“Oh, you know,” she said. “Holding the course.”

“Oh yeah,” he said, laughing.
She smiled, pleased that he remembered how they used to make fun of Max’s pro-war views.

“And Melinda?”

“Thank God the chemotherapy is working. Her kind of leukemia is a lot more curable than what Jenny had.”

“That’s for sure.”

There was a pause

Time to get to the point, she decided. “So…. what are your plans now that you’re…on your own?”

“Well, I’m not exactly sure yet. First I’ve got to take care of cleaning up legal things,  go through Jenny’s things, get the house….”. 

She interrupted: “If you need any help….”

He went on. “I know it sounds weird,  but even though taking care of Jenny was really hard for me, it’s like there’s this huge empty void where all that work  was…like this big hole in my life where Jenny used to be.”

Could those be tears in his eyes? No, it couldn’t be possible.  “You’ve been so tied down, it’s got to be kind of a relief to know that finally you’re really free,” Joy said.

Paul blinked a few times.  “Yeah, I’ve got to get used to that idea. It’s beginning to dawn on me that I have a whole new chapter of my life in front of me.  I don’t know….maybe I’ll go on a cruise or something.”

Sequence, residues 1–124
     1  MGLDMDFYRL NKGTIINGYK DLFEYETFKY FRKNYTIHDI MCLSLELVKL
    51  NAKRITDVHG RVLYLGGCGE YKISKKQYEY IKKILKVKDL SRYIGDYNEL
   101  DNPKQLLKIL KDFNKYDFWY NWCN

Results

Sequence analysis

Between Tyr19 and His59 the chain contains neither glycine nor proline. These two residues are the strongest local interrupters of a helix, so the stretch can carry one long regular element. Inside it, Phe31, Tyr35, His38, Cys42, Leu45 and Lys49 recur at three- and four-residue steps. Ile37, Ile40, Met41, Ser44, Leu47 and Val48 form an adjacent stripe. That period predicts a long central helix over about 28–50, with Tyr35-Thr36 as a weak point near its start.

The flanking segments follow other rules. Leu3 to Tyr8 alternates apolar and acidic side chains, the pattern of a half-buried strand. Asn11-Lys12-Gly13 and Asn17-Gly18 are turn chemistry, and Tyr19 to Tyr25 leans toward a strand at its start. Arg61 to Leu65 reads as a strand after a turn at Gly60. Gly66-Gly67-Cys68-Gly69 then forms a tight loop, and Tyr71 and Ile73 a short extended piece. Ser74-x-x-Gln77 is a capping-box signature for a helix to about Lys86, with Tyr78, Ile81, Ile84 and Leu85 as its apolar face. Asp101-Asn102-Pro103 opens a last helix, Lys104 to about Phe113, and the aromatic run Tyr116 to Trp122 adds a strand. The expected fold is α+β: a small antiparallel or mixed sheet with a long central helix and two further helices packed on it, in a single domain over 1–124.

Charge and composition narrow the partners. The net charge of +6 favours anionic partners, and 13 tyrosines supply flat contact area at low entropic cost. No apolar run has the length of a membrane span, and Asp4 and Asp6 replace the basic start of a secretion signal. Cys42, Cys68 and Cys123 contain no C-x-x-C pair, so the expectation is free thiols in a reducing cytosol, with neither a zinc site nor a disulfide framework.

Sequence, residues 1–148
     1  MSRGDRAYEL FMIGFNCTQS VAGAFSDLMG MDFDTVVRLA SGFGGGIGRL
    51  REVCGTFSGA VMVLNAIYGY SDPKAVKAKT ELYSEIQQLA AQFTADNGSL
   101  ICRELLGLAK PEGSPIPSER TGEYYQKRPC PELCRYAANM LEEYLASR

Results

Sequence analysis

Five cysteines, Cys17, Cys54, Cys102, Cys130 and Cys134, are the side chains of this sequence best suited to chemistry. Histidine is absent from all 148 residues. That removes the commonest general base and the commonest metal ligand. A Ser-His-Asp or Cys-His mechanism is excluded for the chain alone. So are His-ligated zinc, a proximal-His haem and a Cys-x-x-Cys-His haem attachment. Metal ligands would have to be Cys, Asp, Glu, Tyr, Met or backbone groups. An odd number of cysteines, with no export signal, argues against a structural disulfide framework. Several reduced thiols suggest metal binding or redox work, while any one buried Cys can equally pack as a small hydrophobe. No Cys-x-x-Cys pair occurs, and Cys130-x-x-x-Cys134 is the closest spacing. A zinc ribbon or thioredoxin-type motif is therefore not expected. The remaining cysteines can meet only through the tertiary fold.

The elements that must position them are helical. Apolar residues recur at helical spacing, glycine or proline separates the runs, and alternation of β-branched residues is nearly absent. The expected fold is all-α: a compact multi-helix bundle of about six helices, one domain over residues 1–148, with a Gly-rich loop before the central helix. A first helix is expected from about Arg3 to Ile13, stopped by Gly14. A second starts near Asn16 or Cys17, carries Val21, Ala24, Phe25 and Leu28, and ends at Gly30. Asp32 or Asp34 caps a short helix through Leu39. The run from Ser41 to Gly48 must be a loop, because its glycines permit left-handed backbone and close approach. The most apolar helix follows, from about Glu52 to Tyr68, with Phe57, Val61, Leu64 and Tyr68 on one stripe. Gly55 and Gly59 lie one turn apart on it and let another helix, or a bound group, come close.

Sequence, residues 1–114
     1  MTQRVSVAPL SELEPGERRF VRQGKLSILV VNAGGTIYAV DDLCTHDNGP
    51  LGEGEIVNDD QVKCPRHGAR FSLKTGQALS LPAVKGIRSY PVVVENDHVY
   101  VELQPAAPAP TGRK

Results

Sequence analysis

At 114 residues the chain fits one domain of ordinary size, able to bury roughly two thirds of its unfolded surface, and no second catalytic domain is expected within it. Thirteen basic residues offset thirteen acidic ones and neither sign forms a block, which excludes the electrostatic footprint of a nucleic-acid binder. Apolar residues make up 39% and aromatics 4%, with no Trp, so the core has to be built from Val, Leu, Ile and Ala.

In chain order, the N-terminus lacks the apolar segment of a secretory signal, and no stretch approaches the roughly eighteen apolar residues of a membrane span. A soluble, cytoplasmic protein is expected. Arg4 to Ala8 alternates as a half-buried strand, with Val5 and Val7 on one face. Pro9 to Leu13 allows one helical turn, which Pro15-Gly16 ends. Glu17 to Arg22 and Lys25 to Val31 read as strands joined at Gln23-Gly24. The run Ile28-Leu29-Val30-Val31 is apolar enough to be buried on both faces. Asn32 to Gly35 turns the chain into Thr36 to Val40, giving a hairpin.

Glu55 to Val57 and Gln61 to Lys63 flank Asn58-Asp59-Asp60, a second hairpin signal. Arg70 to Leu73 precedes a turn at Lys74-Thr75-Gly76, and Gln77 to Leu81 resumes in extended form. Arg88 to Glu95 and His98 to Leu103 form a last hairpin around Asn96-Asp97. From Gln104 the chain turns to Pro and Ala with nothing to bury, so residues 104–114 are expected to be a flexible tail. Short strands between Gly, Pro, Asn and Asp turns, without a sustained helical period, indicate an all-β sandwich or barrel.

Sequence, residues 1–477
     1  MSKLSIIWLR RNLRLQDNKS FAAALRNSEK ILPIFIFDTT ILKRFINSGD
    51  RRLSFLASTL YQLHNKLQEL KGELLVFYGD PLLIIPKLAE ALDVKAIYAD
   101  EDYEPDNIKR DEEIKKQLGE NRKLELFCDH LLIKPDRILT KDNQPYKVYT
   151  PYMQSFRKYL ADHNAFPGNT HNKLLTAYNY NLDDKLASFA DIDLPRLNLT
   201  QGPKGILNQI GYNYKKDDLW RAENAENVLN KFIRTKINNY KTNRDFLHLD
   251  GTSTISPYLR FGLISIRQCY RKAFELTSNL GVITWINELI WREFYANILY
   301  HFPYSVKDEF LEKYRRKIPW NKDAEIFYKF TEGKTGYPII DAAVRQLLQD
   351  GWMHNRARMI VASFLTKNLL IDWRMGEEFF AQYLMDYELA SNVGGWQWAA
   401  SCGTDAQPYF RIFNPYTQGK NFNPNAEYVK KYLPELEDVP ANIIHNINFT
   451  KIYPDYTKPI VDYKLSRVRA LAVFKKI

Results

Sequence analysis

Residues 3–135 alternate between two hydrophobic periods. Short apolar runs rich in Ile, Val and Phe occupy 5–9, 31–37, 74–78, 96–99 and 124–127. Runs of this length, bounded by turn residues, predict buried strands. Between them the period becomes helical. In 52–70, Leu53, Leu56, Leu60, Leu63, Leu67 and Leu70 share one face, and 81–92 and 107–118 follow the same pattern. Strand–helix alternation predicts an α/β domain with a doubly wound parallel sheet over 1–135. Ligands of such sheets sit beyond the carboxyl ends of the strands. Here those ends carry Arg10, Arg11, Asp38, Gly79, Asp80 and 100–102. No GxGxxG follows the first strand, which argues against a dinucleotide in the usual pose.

In her imagination Joy could see him on a cruise ship, a handsome 50-year old widower surrounded by eager women.

An awkward pause.

Joy took a breath and forced a smile. “Paul, do you want to get together sometime?”

He looked uncomfortable.

“ Just for lunch or something, I mean..”

“ Oh sure, lunch sometime ” he said.

She tried to think of something lighthearted and witty to say.

“Well Joy,” he said. “I want you to know that this has been…”.

Please don’t say it’s been special, she silently prayed.

“ This has been special,” Paul said. “I hope we’ll always be friends.” Then  he turned away to join Travis.

She left the church and sat in her car, her head pressed against the steering wheel, furious at herself.  What was I thinking? Of course Paul doesn’t want to get together again, and of course I don’t want to either. I’m very lucky, she told herself. I have a live husband, difficult as he is,  and a wonderful, happy son....  a good job......and best of all my darling Melinda is recovering from that awful leukemia.

Then why did her life seem so empty and meaningless?  She envied Paul.  She wanted a whole new chapter in her life, too.

Her thoughts stopped abruptly when her cell phone rang. “Mom?”  It was Jeff. “Something’s really wrong with Melinda. Her skin is turning yellow and she’s acting strange. We’re taking her to the emergency room right now.”